In Conversation With Cathy Breeze

I’ve just returned from interviewing one of the funniest, most charming and interesting people I’ve ever had the pleasure to meet.

Cathy Breeze is in Harrogate to co-star in the new play Connection by Rachel Halliwell, which is billed as a ‘Yorkshire Thelma and Louise’.  First, we spoke about her Leeds upbringing and varied career.

It was weird how some of the things in her past mirrored mine, although obviously the timeline was a lot different. She was born in East Leeds at Halton Moor but then her family moved to Cross Gates. Whilst in her early teens she joined the Leeds Children’s Theatre which held workshops every Saturday morning at what is now The Carriageworks.  Carriageworks was founded in 1935 and is thought to be the oldest established Children’s Theatre group in the UK. They performed full productions at the Civic Theatre, now the Leeds Museum. Cathy’s early roles there were as witches, most notably in Heidi, an adult role at 13 years of age.   She told me that her abiding memory of the experience was the tuck shop which would serve fruit cordial, but in the winter it would be made with hot water, a first for her at the time.

It’s hardly surprising that Cathy took to the boards, as her grandmother was a pub pianist entertaining the drinkers in a selection of Leeds’ finest hostelries, as well as a couple of dodgy ones.  Her father was a market trader but sang in clubs at weekends and evenings, so performing is obviously in the genes.

After passing her ‘A’ Levels at Park Lane College, she went to The Drama Centre, at that time situated in Chalk Farm, London and stayed in the capital for 15 years.  She understudied parts in Les Miserables at the Palace Theatre before spending two years on tour in the role of Madame Thénardier.  Whilst in London she also appeared at the Palladium in Oliver! directed by Sam Mendes in which she played the undertaker’s daughter.

Outside of London, Cathy has worked with the Hull Truck Company and Birmingham Rep where she played The Wicked Witch of the West in The Wizard of Oz. She has had other stints in plays staged by The Jabbok Theatre Company and appeared in Stepping Out at West Yorkshire Playhouse, as it was then known.

As well as theatre work she has done radio plays and the odd advert, usually for charities. Her cinema career climaxed, and I use the term advisedly, as Neil’s Northern Bird in The Inbetweeners Movie. There have also been stints in Coronation Street and Emmerdale.

Having trawled through her past, we moved on to the subject of her appearance at The Harrogate Theatre in Connection, alongside its writer, Rachel Halliwell.  Cathy told me that the play is about the relationship between two women from diverse backgrounds – Catherine, a high flyer, played by Rachel and, confusingly, Elaine, a care worker, played by Catherine. She said that although there is a connection between them they are not kindred spirits and the relationship is fraught at times.  It deals with some dark subjects, such as death and mental illness, but there is humour in it as well. The action takes place on a trip from the A&E Waiting Room in Harrogate to Scarborough and back so it can’t be all bad. I asked about the ending as I wondered how they managed to work in the last scene of Thelma and Louise driving a Thunderbird into the Grand Canyon in God’s Own County. She wouldn’t tell me, so I can only surmise that they disappear into Bradford Beck in a Ford Fiesta.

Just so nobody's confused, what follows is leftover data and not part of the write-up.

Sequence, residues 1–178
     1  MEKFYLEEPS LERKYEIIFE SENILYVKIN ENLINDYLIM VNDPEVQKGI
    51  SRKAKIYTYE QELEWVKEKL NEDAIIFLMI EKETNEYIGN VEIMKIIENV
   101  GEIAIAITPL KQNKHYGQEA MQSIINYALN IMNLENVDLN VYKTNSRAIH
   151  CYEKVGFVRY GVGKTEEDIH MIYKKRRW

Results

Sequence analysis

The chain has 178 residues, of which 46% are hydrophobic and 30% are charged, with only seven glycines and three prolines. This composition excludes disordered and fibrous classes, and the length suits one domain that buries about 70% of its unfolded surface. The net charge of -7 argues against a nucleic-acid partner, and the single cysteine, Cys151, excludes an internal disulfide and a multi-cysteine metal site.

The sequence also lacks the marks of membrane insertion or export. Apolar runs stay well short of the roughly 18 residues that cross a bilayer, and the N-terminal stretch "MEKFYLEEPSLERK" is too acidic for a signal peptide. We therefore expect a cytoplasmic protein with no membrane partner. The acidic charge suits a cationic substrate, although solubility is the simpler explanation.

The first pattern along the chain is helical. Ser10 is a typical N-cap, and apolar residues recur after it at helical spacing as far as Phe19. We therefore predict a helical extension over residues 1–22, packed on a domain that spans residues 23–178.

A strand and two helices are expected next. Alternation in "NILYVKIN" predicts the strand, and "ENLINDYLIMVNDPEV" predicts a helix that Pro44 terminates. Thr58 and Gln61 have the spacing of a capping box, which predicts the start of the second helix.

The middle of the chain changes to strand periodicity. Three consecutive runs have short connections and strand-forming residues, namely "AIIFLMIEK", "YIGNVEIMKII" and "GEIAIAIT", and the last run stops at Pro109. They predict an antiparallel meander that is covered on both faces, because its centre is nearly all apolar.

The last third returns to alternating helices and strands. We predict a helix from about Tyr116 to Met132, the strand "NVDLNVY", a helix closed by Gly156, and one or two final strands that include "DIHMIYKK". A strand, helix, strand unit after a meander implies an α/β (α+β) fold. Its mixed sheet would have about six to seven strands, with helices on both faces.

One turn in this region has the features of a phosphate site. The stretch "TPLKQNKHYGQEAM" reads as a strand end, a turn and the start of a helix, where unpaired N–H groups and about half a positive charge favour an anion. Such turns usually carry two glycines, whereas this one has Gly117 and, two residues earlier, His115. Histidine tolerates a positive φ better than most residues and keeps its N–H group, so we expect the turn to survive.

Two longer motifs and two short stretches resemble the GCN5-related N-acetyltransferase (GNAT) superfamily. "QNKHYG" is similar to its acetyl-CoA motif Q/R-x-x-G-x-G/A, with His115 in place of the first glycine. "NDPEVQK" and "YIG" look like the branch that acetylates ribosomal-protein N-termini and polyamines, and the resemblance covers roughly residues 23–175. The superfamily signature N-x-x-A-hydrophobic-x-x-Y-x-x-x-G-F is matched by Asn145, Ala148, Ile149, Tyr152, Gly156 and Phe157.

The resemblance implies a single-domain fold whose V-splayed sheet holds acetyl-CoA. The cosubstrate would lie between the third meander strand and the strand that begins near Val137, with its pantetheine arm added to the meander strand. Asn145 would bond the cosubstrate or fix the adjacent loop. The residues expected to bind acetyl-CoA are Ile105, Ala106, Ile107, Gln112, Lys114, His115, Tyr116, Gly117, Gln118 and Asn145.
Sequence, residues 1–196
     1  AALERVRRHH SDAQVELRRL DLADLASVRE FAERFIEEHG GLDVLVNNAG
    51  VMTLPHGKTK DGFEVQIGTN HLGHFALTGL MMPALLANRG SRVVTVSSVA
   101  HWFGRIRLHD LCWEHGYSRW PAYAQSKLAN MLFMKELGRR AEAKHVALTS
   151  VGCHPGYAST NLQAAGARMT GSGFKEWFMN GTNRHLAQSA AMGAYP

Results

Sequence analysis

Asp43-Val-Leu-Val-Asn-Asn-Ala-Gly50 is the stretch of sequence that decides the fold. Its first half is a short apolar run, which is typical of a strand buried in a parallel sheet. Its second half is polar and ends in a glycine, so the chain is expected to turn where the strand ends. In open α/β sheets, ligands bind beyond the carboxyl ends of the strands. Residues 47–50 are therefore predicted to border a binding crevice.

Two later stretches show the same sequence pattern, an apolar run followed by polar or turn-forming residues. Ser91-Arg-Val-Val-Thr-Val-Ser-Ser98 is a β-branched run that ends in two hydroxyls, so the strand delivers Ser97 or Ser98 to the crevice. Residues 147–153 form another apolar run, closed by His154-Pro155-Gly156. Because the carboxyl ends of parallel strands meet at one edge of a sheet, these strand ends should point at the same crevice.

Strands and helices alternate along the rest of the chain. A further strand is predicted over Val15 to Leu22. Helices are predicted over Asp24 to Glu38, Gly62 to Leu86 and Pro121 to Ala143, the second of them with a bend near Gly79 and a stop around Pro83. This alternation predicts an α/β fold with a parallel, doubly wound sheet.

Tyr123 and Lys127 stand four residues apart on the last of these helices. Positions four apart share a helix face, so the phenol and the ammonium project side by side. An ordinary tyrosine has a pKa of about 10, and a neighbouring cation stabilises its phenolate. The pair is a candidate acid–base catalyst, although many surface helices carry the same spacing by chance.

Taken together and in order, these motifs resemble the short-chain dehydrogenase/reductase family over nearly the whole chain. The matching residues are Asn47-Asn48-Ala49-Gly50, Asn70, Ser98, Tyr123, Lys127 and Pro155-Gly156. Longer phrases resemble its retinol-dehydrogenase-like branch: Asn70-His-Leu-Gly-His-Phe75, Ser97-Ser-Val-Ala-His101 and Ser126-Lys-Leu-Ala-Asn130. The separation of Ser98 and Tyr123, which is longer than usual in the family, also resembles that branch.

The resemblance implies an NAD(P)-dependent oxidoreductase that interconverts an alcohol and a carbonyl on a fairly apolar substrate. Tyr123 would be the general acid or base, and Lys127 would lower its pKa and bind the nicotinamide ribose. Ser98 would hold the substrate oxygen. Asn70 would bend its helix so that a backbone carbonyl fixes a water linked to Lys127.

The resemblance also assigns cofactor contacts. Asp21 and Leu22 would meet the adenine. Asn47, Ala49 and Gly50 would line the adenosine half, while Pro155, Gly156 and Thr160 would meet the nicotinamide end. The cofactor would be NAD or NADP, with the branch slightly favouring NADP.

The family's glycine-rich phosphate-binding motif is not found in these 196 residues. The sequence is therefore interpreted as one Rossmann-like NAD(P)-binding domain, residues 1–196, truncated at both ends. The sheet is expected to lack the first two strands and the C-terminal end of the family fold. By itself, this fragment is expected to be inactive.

In addition to the new play, there’s a chance to see Cathy in a film called Valley of the Fox. This is a bit of an oddball affair as she thought that it was going to be for television rather than cinematic release. It is also distinctive in that it is in German with English subtitles. Because Cathy doesn’t speak German her part was acted in English and then dubbed.  Now that it has been subtitled in English, it’s just, according to Cathy, plain weird.  It’s not half as weird as the process of making it, because obviously actors are prompted by others’ lines, but, as they didn’t understand what was being said, that was extremely difficult.  Nothing that a Leeds lass can’t handle though.

Cathy also told me about another film she made quite a while ago and which she thought had been shelved but keeps popping up at single showings. It is a children’s film called The Runaways and is set in Whitby, so you can’t fault the scenery. It was recently shown in Beverley, so keep your eyes open for a screening near you.

I enjoyed this interview so much that I’ve had trouble reading my notes.  It’s difficult to write legibly whilst laughing. During our chat, we discussed why Cathy always seems to have roles playing care workers and generally nice people when she would rather get some nasty parts to sink her teeth into, but it will take some superhuman acting skill to pull that off for this thoroughly charming lady.

Connection runs from Tuesday 1st to Saturday 5th October at the Studio Theatre, Harrogate. There are evening performances each day with matinees on Thursday 3rd and Saturday 5th.

Photograph by Malcolm Johnson.


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